Thoughts-Praises-Memories-Regrets- Who I am? Who I was meant to be! This is for my Daughters, Sons and Grandchildren - I would want them to learn of the things in my life that were most important to me. I am prayerful that they will know of my passions. I wish to share some of the music of all types that touch me, that tugs at my deepest emotions and express longings of intimacy and love. When words fail me music opens windows to the expressive soul.
Tuesday, July 7, 2015
My Baby, She's Got It - Slim Harpo & Betty Page
Published on Jan 3, 2013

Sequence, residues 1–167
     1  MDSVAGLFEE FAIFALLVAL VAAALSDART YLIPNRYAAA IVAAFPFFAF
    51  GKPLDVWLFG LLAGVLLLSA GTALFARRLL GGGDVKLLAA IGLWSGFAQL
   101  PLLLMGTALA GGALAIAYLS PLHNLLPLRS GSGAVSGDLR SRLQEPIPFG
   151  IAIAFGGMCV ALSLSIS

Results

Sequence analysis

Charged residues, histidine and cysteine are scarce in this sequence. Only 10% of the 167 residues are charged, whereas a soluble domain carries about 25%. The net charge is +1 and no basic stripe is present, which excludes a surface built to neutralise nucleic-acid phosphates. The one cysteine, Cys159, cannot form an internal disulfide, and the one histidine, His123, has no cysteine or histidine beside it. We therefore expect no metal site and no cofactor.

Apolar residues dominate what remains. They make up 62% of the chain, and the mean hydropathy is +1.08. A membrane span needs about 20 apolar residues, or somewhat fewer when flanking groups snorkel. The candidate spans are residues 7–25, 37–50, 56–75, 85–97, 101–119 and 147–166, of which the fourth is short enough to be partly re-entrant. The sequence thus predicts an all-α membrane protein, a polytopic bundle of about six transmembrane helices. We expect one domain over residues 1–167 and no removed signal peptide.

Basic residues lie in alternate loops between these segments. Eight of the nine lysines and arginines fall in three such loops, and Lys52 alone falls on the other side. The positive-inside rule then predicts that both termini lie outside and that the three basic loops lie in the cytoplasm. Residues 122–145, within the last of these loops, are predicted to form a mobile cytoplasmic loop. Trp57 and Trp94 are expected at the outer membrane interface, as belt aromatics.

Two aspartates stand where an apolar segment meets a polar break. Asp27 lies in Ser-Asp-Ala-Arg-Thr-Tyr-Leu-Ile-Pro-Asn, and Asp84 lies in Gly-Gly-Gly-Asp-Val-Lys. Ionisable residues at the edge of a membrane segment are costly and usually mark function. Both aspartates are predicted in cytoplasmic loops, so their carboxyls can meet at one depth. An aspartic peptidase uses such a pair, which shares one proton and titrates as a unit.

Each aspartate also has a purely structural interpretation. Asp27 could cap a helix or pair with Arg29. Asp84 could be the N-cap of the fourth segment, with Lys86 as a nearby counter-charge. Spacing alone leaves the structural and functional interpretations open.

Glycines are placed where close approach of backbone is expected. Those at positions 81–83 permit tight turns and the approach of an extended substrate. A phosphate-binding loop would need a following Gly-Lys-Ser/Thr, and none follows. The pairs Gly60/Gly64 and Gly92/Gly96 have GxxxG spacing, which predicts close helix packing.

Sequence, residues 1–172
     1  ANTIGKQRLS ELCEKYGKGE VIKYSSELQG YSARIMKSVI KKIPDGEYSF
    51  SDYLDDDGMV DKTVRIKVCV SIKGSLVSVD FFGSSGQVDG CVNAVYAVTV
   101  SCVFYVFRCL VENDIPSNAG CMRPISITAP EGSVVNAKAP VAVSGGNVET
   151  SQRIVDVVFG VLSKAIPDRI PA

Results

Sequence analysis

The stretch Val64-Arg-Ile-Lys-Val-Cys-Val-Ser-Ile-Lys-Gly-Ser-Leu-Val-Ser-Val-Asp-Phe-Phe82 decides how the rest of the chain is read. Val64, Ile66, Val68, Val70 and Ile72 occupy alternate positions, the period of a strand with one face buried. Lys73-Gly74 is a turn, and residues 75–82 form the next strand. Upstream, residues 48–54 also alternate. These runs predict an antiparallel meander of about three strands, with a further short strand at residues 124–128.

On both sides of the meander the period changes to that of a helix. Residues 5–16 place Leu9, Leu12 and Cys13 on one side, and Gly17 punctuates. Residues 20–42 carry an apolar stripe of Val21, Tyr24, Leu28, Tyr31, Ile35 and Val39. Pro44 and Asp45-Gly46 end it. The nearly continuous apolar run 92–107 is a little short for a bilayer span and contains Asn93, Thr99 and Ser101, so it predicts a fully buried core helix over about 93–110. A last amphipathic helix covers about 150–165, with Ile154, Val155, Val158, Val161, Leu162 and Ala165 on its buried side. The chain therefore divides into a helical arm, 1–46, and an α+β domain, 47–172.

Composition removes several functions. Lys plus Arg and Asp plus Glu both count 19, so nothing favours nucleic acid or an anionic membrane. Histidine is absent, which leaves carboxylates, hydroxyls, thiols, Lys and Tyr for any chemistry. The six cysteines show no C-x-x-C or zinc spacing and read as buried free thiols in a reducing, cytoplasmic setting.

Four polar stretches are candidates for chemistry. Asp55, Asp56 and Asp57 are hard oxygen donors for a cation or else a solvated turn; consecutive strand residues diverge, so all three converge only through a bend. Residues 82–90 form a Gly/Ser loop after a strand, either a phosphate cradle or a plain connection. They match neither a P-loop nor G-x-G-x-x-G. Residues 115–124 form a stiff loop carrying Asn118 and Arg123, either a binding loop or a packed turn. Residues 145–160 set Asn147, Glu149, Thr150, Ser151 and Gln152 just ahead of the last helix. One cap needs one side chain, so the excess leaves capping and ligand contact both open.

Slim Harpo (January 11, 1924 -- January 31, 1970) was an American blues musician. He was known as a master of the blues harmonica; the name "Slim Harpo" was derived from "harp," the popular nickname for the harmonica in blues circles. Born James Moore in Lobdell, Louisiana, United States, the eldest in an orphaned family, he worked as a longshoreman and building worker during the late 1930s and early 1940s. He began performing in Baton Rouge bars under the name Harmonica Slim and later accompanied his brother-in-law, Lightnin' Slim, both live and in the studio. Named Slim Harpo by producer J.D. "Jay" Miller, he started his own recording career in 1957. His solo debut was the Grammy Hall of Fame single "I'm a King Bee" backed with "I Got Love If You Want It." Harpo recorded under A&R man J.D. "Jay" Miller, in Crowley, Louisiana for Excello Records based in Nashville, Tennessee, and enjoyed a string of popular R&B singles, including Rock & Roll Hall of Fame inductee "Rainin' In My Heart" (1961) and the number one Billboard R&B hit "Baby Scratch My Back" (1966). On these recordings he was accompanied by the regular stable of Excello musicians, including Lazy Lester. British rock bands like The Rolling Stones, The Pretty Things, The Yardbirds, Pink Floyd and Them featured versions of his songs in their early repertoires. Later, the riff from Harpo's 1966 hit "Shake Your Hips", which itself was derivative of Bo Diddley's "Bring It to Jerome", was used in the ZZ Top hit "La Grange" and the Rolling Stones covered the song on their 1972 album Exile On Main Street. Harpo's recordings were also widely covered in modern African-American circles, including by the late Gil Scott-Heron, on his final album. Scott-Heron covered "I'll Take Care of You," on his record "I'm New Here."" The song is also featured on the remix album featuring Jamie XX called "We're New Here." Other notable covers of Slim Harpo songs include "I Got Love If You Want It," by The Kinks, "I'm the Face" by The Who (under the name The High Numbers), "I'm A King Bee," by The Rolling Stones, Muddy Waters, the Grateful Dead, Pink Floyd and The Doors, and "Don't Start Crying Now," by Them, with Van Morrison. The new Jack Daniels Tennessee Honey Whiskey commercial features Slim Harpo's song "I'm a King Bee" covered by San Francisco blues band The Stone Foxes. Wikipedia